Atlantic City is slated to see a new college dorm building in the coming years, after local, state and university officials broke ground on a 135,000-square-foot dorm in what’s been dubbed the city’s “Chelsea neighborhood.”
The 416-bed dwelling is slated for a fall 2023 completion. Its originally-scheduled March groundbreaking was delayed as the COVID-19 pandemic forced the closures of universities across the state, and the city’s nine casinos.
This new dorm is part of “Phase II” of Stockton’s Atlantic City campus—the second leg of the $220 million “Atlantic City Gateway Initiative,” which in addition to Stockton University’s campus includes the headquarters for South Jersey Gas and AtlantiCare Urgent Care.
“We’re going to help people in the Chelsea area, people with home ownership, people with small businesses, and a place to make sure it’s safe,” Jon Hanson, who oversaw the creation of the project’s developer, Atlantic City Development Corp., and was named to the recent NJBIZ Real Estate Power 50, said on Wednesday.
Stockton opened its Atlantic City campus in the fall 2018 semester with an academic building, a parking garage and a 533-bed residential complex.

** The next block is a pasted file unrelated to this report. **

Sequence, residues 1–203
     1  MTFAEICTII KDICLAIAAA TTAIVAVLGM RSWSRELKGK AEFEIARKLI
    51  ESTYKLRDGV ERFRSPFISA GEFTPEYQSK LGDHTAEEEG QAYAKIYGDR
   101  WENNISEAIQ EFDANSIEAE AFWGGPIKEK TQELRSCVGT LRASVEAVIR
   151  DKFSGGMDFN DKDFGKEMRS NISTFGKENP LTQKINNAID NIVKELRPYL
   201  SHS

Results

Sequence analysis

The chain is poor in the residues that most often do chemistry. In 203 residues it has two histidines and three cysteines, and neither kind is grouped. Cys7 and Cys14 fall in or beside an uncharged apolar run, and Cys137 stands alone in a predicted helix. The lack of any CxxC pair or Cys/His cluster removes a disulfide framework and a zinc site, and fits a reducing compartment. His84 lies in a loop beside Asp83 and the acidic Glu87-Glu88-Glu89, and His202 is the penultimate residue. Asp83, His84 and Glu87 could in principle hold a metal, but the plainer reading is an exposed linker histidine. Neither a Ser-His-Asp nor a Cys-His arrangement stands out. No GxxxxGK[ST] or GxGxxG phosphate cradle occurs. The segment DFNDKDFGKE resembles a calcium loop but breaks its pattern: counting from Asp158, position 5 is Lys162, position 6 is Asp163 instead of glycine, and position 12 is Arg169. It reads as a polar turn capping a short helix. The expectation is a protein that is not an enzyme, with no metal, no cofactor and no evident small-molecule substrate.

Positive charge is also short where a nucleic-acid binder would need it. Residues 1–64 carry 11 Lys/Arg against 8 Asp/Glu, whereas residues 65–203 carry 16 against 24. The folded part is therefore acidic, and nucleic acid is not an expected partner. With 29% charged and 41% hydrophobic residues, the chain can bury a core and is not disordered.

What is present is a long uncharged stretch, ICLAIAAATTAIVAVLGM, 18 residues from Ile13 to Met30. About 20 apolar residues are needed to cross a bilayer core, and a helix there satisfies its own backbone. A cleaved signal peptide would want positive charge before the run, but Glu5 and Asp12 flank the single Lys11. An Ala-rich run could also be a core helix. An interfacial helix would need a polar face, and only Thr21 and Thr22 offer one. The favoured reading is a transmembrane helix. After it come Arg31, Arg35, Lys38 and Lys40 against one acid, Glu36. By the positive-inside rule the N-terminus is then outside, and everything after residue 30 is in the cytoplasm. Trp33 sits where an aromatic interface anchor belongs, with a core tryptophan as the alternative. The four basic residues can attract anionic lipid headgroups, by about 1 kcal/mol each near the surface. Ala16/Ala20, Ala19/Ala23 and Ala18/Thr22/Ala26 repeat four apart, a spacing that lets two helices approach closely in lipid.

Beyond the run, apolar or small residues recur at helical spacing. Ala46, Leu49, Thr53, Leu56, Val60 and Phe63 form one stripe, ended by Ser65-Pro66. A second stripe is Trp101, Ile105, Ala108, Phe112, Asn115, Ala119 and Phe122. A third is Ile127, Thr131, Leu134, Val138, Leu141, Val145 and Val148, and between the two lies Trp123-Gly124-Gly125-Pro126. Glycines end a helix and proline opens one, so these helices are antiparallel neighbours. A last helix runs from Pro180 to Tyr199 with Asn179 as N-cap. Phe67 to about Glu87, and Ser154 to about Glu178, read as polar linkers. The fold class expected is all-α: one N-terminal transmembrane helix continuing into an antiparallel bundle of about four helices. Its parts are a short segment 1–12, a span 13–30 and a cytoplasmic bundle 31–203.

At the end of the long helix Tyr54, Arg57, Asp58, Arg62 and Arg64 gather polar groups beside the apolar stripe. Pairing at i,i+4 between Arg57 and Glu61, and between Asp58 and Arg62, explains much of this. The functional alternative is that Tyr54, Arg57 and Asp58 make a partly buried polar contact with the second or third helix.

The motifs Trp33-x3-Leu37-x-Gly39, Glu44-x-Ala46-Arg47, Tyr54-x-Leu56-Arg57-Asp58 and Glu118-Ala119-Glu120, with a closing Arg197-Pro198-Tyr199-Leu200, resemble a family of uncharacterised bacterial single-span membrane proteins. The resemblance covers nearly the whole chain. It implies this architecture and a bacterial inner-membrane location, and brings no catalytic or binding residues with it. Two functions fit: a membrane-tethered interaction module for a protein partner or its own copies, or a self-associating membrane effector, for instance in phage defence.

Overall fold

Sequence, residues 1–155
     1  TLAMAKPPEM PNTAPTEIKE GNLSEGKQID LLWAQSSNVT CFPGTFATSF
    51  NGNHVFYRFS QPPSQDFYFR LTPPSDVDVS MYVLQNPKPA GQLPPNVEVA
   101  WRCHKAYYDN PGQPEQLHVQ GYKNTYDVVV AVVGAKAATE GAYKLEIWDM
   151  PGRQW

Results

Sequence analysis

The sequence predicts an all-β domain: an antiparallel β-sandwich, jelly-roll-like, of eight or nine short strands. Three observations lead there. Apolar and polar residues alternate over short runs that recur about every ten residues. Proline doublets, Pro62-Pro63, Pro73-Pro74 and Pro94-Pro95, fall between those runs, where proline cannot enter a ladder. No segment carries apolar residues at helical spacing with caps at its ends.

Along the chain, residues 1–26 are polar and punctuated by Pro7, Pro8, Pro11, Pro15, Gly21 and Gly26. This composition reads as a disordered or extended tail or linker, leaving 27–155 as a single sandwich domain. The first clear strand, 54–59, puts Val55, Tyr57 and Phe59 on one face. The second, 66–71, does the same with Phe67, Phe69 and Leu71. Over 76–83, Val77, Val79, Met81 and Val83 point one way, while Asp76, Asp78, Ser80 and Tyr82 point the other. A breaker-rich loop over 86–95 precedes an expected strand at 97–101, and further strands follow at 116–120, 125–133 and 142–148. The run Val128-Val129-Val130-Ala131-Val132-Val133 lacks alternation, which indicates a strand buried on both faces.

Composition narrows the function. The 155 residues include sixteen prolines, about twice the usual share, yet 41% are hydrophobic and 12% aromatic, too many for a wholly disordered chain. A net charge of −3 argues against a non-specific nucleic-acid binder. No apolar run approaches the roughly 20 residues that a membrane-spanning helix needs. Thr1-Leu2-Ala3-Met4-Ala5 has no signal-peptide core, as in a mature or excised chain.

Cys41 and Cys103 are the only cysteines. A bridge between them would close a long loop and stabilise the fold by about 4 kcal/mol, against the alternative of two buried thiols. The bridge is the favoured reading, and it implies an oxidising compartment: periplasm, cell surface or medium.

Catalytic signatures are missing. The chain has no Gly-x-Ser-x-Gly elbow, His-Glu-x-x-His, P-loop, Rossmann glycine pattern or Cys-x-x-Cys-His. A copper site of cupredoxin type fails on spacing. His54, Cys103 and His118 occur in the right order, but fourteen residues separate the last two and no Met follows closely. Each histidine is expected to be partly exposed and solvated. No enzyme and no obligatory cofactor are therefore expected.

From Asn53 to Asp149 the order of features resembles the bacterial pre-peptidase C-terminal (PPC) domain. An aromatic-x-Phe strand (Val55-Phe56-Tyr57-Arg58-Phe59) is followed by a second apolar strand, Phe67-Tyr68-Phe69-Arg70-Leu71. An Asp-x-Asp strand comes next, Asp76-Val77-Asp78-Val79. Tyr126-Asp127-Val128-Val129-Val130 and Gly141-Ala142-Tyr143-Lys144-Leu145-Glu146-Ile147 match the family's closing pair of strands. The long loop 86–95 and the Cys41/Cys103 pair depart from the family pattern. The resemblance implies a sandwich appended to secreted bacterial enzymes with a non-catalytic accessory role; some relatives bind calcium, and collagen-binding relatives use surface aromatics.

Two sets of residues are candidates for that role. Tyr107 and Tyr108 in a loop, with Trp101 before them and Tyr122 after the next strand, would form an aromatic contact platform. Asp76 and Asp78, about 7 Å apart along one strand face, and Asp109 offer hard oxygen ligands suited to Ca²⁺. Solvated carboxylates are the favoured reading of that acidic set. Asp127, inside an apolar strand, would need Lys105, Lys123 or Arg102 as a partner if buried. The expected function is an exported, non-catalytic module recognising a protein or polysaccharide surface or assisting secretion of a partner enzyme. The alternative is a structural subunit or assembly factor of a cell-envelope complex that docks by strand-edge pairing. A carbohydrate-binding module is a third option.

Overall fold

“This area is booming, scores of new businesses are coming, development opportunities are happening and we really want to take Atlantic City to the new level,” Atlantic City Mayor Marty Smalls, who is campaigning for reelection for a one-year term, said at the Wednesday morning groundbreaking ceremony.
Atlantic City has been under state oversight since 2016, an arrangement entered during the administration of then-Gov. Chris Christie, a Republican, after the closure of five casinos cratered the city’s tax revenue and pushed it to the brink of bankruptcy.
The Department of Community Affairs – under the watch of its commissioner, Lt. Gov. Sheila Oliver – has pushed for a more collaborative approach with local officials, rather than top-down control in the city.
“This structure is going to represent an expansion of this whole corridor,” Oliver said on Wednesday. “You are going to see businesses want to begin to local themselves all along this corridor.”
The project was able to move forward after Gov. Phil Murphy signed a $32.7 billion budget covering through June 30, 2021, which restored $4.6 million to Stockton’s Phase II project.